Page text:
Friday, August 23, 2013

SSD TJ: Balance on the Roller Coaster of Life

Guest post by Mary Alice Wagner, partnered with SSD TJ. Originally posted in our newsletter, Open Doors.
SSD TJ came into my life a few years after two miraculous cancer surgeries and being homebound for three years. Hershey Medical Center had recommended that I get an assistance dog for help with balance. Our journey together has not only been about physical balance but also emotional stability.

I remember vividly my first steps outside to bring in the mail with TJ. When we got back into the house, I put my arms around him and cried with joy. The sense of independence was so overwhelming.

TJ and I began going to physical therapy via the minibus. We also took a bus trip to Philadelphia to visit a museum. TJ could not fit underneath the seat, so he sat on the floor next to me. That was only the beginning of our road trips. Besides campgrounds and amusement parks, we took a road trip to the Smoky Mountains and recently visited family in South Carolina and Georgia. We are inseparable. TJ is known and welcomed everywhere we go—schools, shopping, family events, doctors’ offices (where he is usually greeted before I am), church (he sleeps a lot there and sometimes snores—usually during the sermon). The list goes on and on.

He keeps me emotionally balanced during the roller coaster of life. I’ve had many physical setbacks resulting in numerous doctor visits, hospital stays, emergency surgeries, ambulance rides, and rehab. All my doctors tell me they can’t believe the change TJ has made in my life. Along with my faith, TJ helps keep me grounded.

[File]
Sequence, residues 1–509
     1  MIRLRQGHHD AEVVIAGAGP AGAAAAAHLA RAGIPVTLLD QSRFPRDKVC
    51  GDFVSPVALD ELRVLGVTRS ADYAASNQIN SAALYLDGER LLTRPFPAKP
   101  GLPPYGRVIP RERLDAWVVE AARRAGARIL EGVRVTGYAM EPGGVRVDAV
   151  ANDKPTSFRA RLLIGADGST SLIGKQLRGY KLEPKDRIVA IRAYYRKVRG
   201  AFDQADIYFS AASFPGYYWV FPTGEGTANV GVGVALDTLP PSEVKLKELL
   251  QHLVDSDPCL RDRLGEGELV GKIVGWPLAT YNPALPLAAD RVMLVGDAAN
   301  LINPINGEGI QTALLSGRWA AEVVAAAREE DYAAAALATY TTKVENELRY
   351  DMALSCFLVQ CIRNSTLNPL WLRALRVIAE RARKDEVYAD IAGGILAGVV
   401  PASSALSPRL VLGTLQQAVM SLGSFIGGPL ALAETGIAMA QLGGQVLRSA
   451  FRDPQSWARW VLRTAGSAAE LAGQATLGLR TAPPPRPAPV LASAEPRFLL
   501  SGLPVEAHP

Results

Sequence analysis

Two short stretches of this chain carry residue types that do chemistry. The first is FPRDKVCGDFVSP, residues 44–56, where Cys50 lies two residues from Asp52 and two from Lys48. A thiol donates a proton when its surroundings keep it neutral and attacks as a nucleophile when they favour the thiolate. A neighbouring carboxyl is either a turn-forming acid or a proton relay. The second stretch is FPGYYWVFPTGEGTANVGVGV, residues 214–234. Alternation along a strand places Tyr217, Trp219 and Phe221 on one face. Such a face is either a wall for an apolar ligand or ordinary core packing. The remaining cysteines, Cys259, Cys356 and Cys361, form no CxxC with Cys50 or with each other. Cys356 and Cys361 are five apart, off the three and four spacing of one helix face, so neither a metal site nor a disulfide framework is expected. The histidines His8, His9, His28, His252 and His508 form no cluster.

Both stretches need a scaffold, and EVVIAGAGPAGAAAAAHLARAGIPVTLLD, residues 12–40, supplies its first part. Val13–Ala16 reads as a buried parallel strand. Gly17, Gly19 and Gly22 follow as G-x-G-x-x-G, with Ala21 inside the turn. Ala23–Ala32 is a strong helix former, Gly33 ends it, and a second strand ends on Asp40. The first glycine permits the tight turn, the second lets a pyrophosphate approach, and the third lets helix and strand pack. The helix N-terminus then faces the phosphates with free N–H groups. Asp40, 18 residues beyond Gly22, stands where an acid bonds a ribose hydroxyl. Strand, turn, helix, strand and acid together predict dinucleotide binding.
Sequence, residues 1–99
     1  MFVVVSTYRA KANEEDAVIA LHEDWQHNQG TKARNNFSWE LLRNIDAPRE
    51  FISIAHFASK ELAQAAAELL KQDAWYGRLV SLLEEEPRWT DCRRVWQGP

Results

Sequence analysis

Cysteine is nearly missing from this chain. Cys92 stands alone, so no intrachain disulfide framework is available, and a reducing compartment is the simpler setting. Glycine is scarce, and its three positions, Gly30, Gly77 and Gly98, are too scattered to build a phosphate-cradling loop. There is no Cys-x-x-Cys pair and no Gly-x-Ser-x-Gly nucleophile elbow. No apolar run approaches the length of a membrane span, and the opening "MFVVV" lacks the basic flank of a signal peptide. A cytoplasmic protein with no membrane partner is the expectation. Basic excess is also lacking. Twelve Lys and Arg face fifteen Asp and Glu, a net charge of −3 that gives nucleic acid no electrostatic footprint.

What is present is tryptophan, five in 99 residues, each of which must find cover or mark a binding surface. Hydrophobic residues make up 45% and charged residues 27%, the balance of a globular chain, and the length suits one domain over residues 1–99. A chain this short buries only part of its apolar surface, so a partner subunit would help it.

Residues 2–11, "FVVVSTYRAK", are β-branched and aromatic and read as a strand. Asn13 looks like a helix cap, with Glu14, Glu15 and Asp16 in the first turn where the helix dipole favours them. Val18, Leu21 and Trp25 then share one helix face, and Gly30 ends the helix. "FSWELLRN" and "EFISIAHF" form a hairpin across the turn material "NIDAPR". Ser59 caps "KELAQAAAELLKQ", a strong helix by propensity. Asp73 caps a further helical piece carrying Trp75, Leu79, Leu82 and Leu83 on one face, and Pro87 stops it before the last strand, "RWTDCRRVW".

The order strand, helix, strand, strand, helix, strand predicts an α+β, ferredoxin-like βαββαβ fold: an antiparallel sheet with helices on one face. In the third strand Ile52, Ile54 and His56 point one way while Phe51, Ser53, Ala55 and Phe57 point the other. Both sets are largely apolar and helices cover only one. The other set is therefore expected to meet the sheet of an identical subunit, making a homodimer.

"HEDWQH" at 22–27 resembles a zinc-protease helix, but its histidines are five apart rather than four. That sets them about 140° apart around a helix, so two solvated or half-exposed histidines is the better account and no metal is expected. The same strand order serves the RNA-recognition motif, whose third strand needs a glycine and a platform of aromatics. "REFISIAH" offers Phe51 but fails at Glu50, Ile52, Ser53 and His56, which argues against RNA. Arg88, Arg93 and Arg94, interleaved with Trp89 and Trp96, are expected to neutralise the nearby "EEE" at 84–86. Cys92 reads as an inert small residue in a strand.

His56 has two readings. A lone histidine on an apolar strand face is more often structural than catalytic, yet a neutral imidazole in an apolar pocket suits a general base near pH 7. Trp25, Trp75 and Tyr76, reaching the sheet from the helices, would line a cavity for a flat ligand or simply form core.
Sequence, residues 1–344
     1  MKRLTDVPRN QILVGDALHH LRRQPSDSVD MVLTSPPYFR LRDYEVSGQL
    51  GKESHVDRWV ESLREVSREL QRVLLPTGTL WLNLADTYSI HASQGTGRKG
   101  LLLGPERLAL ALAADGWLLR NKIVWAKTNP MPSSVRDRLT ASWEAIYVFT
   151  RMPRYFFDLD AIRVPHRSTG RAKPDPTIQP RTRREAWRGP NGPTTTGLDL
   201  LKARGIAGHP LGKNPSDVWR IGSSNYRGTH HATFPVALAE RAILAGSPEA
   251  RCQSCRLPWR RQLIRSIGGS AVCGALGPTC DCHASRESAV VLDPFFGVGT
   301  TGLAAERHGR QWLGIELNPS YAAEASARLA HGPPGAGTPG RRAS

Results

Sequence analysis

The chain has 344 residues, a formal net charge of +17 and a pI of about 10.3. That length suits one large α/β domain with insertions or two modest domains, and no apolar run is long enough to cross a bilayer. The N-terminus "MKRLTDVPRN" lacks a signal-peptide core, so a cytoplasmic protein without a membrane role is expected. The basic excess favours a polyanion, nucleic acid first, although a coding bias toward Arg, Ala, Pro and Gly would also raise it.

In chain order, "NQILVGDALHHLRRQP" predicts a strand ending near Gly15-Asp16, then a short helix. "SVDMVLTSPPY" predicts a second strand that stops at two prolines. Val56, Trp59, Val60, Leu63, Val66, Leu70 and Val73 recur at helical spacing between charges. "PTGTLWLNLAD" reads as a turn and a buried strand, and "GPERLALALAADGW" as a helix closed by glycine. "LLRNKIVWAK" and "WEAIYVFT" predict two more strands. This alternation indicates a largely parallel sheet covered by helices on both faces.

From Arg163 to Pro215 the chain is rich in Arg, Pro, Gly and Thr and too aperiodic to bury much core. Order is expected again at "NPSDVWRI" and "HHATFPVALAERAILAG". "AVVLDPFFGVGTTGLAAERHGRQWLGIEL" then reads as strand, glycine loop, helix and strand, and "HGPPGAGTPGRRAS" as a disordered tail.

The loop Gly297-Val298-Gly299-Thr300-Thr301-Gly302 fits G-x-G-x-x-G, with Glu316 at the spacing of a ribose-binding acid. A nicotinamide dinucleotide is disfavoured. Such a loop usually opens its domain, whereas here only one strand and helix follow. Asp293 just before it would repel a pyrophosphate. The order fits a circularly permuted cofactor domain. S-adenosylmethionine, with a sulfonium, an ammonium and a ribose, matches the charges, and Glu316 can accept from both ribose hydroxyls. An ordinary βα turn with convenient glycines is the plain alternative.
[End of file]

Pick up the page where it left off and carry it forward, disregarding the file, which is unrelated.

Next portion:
TJ was by my side as I endured the physical deterioration and passing of both my parents. During the two years in the VA Hospice unit, my dad and other patients looked forward to TJ’s visits. It was amazing to see the happiness TJ brought just by being there for a little while. One evening, a woman asked for TJ to visit her husband before we went to see my dad. She said her husband had been waiting all day to see TJ. Shortly after TJ’s visit, her husband passed away.

My parents adored TJ—he was their therapy dog, too. As they reached their final days, TJ would go and lay his head on the bed or put his paw into their hands, and then lay dog quietly next to the bed. People at the nursing home commented to me about his somber demeanor at the time. After the visits, he would cuddle up with me as I had a good cry at home.

I’ve recently learned that I need more surgery. I know that with the grace of God and TJ by my side, I will make it through.

TJ is also wonderful with our grandchildren. We have ten now, and the most recent one was born on Easter Sunday. Six are four years old or younger. I’ll never forget the day that Hope (who is now six0 made a big announcement. Grasping TJ by a certain physical attribute, she exclaimed, “Look, Grandma. TJ is a boy!”

One of my favorite memories is when I was shopping at Giant. I dropped TJ’s leash as I looked at an item. Suddenly, I heard a man say, “Do you see that? If that were my dog, he’d be over cleaning out the meat counter by now.” I looked down to see TJ calmly sitting there, holding his leash in his mouth.

Last Saturday, we went to the Renaissance Faire, and TJ had a great time. We attended the jousting match in the evening, and TJ slept through the whole thing, including all the noise and simulated explosions. I guess all the walking during the day had tired him out.

TJ is a Godsend. He does what he was trained to do, but has also alerted to oncoming seizures and diabetic issues that needed immediate attention. I am so grateful to SSD for training and pairing me with this absolutely awesome dog. TJ, and all of you, have made a huge difference in my life.

1 comment:

  1. I wish more dogs would behave the way TJ does, maybe not the snoring in church. I think it's amazing the way an animal can let their human know things about themselves before the humans know consciously. You have a good and loving member of the family. He's just a bit shorter and hairier than the rest.